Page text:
Essay on Rent Control

958 Words4 Pages
There is a reason for everything, and if there is no reason to do something, most people will not do it. For example, if there is no incentive to motivate landlords to upkeep their property and make it the best it can be, they will left their properties at the lowest manageable state they can get away. Rent ceiling laws are an example of how lack of motivation and incentives can discourage people from making sure their best work and resources go into their product or whatever they are doing. These laws impose limitations on the amount landlords can charge their tenants for staying in their properties. This causes the landlords to lose the amount of money they should have made on their property, and the landlords will not be motivated to…show more content…
The obstacles landlords have to overcome causes them to lose their motivation to invest in rental properties and they instead flock towards other housing options to include condominiums, office towers, and hotels.
In short, lack of motivation in exchange for more red tape causes investors and landlords to move towards more profitable options. This movement of money and resources tends to negatively impact people trying to find a place to live, most notably the poor. The National Multi Housing Council (NMHC) states that prospective customers must pay finder fees to find a rental property due to a presumably growing scarcity of available housing. As if this were not bad enough, in some communities rental properties are handed down to friends and family, so they never quite leave the market. In order to obtain housing, new consumers are forced to pay “key money” and other fees. These costs tend to impact young, single, and poor families the most.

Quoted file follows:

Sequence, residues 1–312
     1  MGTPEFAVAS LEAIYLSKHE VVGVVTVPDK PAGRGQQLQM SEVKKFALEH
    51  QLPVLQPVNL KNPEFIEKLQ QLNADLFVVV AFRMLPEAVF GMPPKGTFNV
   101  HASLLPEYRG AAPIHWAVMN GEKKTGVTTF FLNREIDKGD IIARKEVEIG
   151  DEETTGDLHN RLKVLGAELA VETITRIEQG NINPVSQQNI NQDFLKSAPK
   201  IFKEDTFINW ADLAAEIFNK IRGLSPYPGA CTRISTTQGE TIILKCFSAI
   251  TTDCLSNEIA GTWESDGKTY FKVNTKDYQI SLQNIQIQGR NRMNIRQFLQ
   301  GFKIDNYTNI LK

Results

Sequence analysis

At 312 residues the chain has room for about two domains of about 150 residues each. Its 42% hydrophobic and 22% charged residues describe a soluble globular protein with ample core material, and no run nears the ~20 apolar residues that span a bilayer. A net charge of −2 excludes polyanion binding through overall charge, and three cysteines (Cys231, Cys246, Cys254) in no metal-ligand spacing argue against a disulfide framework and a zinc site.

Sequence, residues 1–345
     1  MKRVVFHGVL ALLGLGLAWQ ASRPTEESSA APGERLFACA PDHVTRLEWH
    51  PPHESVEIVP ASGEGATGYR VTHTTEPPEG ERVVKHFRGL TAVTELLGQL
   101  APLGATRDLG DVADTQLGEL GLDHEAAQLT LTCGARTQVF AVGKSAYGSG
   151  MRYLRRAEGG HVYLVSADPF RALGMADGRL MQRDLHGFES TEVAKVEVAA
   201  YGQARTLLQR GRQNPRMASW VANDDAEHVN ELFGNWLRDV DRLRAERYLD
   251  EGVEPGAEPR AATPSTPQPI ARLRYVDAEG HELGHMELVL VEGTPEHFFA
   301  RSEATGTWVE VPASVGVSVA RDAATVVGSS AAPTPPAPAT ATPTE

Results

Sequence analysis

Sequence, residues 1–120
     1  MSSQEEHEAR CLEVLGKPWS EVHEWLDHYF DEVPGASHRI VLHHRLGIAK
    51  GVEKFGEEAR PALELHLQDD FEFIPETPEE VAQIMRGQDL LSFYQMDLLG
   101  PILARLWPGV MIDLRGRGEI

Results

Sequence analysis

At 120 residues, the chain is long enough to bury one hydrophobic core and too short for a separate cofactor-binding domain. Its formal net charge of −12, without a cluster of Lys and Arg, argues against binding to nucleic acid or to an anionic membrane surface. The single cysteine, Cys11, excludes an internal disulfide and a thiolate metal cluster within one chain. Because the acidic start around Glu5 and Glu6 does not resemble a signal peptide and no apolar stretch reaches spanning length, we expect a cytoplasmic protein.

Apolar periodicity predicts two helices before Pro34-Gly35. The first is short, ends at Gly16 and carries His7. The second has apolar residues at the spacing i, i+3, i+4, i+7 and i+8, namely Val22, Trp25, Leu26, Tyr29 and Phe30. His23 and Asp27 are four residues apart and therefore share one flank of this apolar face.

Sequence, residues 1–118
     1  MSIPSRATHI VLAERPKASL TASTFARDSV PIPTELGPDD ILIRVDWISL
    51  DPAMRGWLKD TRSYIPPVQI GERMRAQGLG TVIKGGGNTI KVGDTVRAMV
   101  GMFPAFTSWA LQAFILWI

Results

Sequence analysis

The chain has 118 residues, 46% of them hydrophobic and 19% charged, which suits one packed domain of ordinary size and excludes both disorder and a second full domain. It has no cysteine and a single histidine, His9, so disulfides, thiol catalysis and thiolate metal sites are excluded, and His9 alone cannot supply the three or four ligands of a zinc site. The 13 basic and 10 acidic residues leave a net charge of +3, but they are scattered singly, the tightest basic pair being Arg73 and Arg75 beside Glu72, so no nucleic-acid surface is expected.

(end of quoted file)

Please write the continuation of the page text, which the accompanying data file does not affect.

As if all of the more or less hidden fees were not bad enough, young, single, and poor families able to find a rental property are often discriminated against. Landlords tend to use factors such as income and credit history in determining who gets their rental property Richer families end up doing better with rent control laws because of this. Poorer people who make up a larger part of the population end up out of a house to live in.
Some economists would argue the above mentioned examples of why rent control is harmful to

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